The Michael Lewis Podcast

Can Michael Lewis change the world?

We’re addicted to narrative. If you can tell a good story, there’s a market for you. There’s a dearth of good storytellers, despite the plethora of television shows and books, but if you nail it, we’re interested.

Michael Lewis is an incredible storyteller in print.

He’s not quite as good in the audio format.

But that doesn’t matter here, because the points he is making, the examples he’s using, kick you in the stomach, make your head spin and cry out HALLELUJAH, SOMEONE’S ON MY SIDE!

And which side is Michael Lewis on?

I don’t think the average person considers him a lefty. And after you hear his story of Cambridge Analytica, you certainly won’t think he’s on the Democratic team. But one thing’s for sure, Michael’s against the inequities of the financial system, and only a few people support that rip-off world.

So the first episode is about basketball. Like I said, Lewis is not the best podcaster. You’re not quite sure where he’s going and his voice is neither soothing nor addictive. It’s like some guy who you’re not sure if you like telling you a story you’re interested in, and boy are you interested. But you’ve got to listen a while to get hooked.

The episode details refereeing in the NBA. Talks all about this center in New Jersey where plays are reviewed, on the fly. And that’s interesting, but not as interesting as the final segment, the heart of the matter.

The people who complain most are the superstars. They feel they’re entitled to have things go their way. Then it’s expanded to people in expensive cars, they don’t obey the rules. And suddenly you realize the ultra-successful don’t see the world the same way you do, you react to it, they frame it. In other words, superstars of sport and commerce believe the game should yield to them, as opposed to vice versa. And we love and hate them for it at the same time. You can read their books, take their advice, but it never works, because they’re different at the core, they’re ENTITLED! This is when you realize the rich get richer and really, no one’s on your side, as my father used to say, “shnooks get screwed.”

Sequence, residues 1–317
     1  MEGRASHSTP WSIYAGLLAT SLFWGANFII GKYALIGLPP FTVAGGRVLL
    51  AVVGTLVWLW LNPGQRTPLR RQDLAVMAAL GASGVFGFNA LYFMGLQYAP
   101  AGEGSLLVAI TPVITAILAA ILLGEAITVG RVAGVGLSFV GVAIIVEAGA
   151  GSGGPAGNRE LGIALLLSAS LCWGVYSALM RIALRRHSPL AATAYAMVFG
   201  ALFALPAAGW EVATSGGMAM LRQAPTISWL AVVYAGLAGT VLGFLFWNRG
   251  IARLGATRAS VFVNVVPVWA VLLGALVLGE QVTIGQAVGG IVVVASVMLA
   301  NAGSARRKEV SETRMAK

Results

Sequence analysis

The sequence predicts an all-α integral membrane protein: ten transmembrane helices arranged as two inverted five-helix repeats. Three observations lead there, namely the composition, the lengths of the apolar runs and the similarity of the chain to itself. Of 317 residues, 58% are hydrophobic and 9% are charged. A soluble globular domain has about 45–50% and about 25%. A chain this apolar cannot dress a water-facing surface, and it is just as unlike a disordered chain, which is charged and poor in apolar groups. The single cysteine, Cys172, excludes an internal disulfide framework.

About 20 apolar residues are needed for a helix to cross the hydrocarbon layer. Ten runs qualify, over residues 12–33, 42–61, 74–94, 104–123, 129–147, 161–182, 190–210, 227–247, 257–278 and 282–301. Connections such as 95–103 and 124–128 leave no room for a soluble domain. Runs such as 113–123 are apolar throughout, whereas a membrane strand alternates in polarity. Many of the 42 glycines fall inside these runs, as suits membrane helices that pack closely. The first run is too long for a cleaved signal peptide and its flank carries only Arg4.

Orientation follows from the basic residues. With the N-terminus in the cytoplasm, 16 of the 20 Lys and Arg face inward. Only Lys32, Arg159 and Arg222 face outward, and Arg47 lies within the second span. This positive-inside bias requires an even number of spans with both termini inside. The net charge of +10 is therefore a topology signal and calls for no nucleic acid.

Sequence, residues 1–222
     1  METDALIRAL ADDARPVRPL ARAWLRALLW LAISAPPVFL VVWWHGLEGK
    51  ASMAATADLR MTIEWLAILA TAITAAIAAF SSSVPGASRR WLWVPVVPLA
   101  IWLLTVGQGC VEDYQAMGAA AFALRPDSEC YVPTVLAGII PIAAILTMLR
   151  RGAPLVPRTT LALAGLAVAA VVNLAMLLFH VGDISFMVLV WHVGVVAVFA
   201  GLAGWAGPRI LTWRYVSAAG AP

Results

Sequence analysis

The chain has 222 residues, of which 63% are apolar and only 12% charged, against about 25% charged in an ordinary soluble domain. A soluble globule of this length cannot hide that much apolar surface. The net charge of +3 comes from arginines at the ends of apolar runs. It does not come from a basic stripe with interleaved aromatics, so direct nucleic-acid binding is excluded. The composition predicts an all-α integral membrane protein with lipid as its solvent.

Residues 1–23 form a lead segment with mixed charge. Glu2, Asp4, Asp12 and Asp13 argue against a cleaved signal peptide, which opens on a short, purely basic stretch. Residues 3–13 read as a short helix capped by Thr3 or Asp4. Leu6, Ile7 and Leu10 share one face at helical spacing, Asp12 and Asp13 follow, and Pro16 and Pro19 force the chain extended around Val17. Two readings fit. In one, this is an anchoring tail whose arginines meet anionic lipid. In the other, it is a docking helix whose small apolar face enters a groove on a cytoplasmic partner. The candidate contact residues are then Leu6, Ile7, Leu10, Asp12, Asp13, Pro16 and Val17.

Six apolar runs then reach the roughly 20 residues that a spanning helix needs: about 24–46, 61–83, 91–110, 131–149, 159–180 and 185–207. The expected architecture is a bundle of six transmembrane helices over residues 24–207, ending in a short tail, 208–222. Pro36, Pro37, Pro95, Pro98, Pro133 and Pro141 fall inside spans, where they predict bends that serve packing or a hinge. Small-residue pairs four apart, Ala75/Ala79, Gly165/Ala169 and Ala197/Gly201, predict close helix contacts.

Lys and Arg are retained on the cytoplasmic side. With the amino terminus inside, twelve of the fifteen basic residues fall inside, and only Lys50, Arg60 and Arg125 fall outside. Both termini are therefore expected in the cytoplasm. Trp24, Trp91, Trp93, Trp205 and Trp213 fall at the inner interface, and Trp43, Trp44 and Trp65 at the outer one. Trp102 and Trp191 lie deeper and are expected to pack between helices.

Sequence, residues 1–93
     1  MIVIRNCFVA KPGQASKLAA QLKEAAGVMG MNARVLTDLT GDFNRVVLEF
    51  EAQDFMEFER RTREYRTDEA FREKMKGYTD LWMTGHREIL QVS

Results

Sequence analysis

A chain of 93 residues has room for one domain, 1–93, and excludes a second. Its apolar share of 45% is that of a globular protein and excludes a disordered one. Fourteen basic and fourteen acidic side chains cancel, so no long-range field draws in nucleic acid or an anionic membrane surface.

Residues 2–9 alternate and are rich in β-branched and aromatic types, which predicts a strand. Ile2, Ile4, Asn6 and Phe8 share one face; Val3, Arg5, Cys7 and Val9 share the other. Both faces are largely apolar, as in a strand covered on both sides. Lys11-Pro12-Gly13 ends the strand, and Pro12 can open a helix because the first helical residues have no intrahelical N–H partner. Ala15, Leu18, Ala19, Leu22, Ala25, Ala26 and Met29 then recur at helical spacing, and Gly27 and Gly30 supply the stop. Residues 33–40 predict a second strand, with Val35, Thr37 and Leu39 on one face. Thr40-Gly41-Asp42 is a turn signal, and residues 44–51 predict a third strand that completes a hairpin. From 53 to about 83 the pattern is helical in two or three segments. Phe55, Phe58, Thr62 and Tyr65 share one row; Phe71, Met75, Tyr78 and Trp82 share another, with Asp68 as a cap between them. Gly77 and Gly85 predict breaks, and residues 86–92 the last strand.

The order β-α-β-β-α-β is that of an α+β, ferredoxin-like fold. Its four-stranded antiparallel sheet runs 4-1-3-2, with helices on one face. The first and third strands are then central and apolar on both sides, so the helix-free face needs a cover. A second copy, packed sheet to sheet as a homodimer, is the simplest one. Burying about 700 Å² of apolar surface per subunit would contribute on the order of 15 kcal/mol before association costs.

The second episode is all about the financial system, how it’s built on screwing the rank and file. The narrative concerns a schoolteacher, who owes a ton in student loans, but the company which manages them for the government is built on obfuscation. It doesn’t tell her about loan relief, doesn’t inform her of the essence of forbearance. Each rep is only given seven minutes per call, and their paycheck is more important than your obligation so they throw you off. Meanwhile, the head of the company makes millions. Why?

But even better is the segment on Elizabeth Warren. It’s segments like these that could get her elected. It tells her history, how she was a bankruptcy law professor who felt there should be a government agency to protect the public. No one cares until she writes an obscure journal article, which suddenly gains traction. This is years ago, in the aughts. And the Consumer Financial Protection Bureau becomes a reality after the economic crash. Its mission is to stand up for the people. But then Trump gets elected and it’s neutered. Hell, they spend millions trying to rebrand it to try to diminish its impact. This is where corporate power comes in. The Bureau was not beholden to Congress. Which meant that the lobbyists, the people who own the elected officials, couldn’t meddle. And the financial institutions didn’t like this, so they had it stripped of power. There’s not a Trump acolyte alive, at least not one that’s not a zillionaire, who wouldn’t listen to this and ponder their allegiance. Who is sticking up for them? Never forget, it’s all about obfuscation in politics, it’s about personality and social mores rather than the real issues. Hell, that’s one of the reasons Warren is castigated, she’s a wonk. Who cares whether she has Native American blood or not, can she help the little guy? The truth is the powers-that-be don’t want the little guy helped.